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Title: Modelling an in vitro haematopoietic stem cell niche using poly (ethyl acrylate) surfaces
Author: Sweeten, Paula Emily
ISNI:       0000 0004 7963 0354
Awarding Body: University of Glasgow
Current Institution: University of Glasgow
Date of Award: 2019
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Haematopoietic stem cells (HSCs) are multipotent stem cells with the capacity to either self-renew or differentiate into oligolineage progenitor cells, and then mature blood cells. HSCs have a diverse range of medical applications, and HSC transplantation can be used to cure certain types of blood cancer including leukaemia and lymphoma. However, current cell culture techniques do not allow for the long-term culture of HSCs, and have restricted the extent to which HSCs numbers can be expanded in the laboratory. Thus, it is necessary to develop culturing techniques that allow for long-term culture and expansion of HSC numbers in the lab. HSCs reside in the bone marrow alongside a second type of multipotent stem cell termed mesenchymal stem cells (MSCs). Both cell types exist in a unique microenvironment called 'the niche', which is responsible for regulating differentiation, proliferation and maintenance of these stem cells. It is understood that MSCs associate with HSCs in the niche, and support maintenance of the HSC phenotype by expressing HSC maintenance factor transcripts. Consequently, developing niche models featuring MSCs has been the focus of recent research aimed at achieving the long-term culture of HSCs. Many recent studies have focused on incorporating the use of MSCs and soluble growth factors in the media of MSC/HSC co-cultures to promote the long-term culture of HSCs. However, the high concentrations of media growth factors required to elicit responses in HSC long-term repopulating abilities are costly and have been shown to cause off-target effects. Use of substrate-bound growth factors can induce sustained signalling, meaning reduced quantities of growth factors can elicit similar responses in a more-effective way. This study has focused on the development of a 3D in vitro bone marrow niche system, utilising a range of novel biomaterials including: a substrate composed of poly (ethyl acrylate) (PEA) substrate and fibronectin; a combination of substrate-bound growth factors; a monolayer of MSCs; a type I collagen gel capable of mimicking the elastic properties of the niche and a media capable of supporting an MSC/HSC co-culture. Results show the potential of this system to maintain a greater number of HSCs in their stem cell state, relative to controls.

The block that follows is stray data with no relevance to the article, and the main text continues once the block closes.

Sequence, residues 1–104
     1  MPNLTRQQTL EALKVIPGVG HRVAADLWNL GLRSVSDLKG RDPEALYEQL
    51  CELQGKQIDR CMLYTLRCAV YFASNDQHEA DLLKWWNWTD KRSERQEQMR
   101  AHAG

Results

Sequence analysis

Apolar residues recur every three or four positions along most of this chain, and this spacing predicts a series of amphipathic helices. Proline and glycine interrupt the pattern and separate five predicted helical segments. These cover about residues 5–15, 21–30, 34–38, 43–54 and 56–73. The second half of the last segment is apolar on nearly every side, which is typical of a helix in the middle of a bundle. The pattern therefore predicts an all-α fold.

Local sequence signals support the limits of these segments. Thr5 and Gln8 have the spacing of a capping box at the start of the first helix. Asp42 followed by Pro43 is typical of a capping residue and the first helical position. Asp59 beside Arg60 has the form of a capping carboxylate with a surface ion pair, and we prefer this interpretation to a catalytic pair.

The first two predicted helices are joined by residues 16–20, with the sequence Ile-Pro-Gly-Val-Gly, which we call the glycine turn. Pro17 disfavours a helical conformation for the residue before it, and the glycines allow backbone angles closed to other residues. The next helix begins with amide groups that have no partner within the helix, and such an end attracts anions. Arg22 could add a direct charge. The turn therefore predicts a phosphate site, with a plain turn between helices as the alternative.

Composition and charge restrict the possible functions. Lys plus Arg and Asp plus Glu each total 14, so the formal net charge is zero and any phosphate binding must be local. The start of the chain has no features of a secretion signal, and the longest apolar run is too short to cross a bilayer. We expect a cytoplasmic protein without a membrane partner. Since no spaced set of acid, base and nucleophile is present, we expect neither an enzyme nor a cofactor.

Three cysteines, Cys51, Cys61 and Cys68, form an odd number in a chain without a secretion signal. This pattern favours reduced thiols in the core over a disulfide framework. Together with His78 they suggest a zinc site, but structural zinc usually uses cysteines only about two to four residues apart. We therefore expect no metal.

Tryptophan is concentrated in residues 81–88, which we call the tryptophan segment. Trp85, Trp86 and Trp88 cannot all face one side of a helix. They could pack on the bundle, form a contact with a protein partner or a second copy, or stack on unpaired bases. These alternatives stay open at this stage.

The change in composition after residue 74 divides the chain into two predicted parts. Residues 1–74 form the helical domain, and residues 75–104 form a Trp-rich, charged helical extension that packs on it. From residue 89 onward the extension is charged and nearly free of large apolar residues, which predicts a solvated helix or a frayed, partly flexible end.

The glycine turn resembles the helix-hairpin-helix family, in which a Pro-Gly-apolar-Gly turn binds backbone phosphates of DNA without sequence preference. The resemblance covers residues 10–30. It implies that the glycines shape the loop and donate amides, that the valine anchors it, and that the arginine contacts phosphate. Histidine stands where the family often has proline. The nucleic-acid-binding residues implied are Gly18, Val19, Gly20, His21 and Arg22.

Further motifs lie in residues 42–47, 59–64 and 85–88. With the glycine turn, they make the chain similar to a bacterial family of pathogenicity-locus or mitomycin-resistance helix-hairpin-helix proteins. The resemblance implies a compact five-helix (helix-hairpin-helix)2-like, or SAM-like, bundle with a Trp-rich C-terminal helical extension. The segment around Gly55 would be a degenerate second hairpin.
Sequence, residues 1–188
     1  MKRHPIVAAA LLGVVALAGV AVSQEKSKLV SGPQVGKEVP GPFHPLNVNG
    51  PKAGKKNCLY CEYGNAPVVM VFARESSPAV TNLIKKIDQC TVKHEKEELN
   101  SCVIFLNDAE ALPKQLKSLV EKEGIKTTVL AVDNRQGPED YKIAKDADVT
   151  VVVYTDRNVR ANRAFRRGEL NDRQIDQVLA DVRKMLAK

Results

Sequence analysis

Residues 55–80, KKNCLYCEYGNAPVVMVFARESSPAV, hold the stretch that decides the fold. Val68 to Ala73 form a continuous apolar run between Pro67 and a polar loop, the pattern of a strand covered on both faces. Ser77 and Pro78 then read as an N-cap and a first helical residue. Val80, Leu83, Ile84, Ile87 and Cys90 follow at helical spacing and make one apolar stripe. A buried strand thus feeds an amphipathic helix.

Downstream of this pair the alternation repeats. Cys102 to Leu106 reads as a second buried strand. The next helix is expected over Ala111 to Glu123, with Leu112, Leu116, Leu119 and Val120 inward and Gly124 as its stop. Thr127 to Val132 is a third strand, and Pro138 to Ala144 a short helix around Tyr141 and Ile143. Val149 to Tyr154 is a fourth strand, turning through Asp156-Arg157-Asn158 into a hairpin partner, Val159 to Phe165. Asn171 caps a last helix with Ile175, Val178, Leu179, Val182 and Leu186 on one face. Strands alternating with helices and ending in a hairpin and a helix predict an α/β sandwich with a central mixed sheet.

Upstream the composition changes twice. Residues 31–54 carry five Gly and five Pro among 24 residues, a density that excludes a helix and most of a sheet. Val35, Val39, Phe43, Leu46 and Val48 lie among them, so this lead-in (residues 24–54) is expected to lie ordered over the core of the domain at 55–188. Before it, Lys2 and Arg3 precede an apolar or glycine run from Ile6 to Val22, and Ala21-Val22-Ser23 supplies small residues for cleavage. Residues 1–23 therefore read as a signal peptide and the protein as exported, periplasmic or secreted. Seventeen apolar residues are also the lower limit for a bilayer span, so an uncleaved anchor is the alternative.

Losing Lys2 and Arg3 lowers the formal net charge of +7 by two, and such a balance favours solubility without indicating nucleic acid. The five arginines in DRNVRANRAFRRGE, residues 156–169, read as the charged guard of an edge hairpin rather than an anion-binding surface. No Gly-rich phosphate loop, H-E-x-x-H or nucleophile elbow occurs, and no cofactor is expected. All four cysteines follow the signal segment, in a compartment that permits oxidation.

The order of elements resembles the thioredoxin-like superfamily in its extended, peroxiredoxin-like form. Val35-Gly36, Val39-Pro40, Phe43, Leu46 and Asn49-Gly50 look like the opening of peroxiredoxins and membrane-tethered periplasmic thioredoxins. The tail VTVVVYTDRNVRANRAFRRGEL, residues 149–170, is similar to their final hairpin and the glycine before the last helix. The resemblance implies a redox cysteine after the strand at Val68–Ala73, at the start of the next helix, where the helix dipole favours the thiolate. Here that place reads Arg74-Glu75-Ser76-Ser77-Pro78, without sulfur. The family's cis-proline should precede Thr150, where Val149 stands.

Supervisor: Not available Sponsor: Not available
Qualification Name: Thesis (Ph.D.) Qualification Level: Doctoral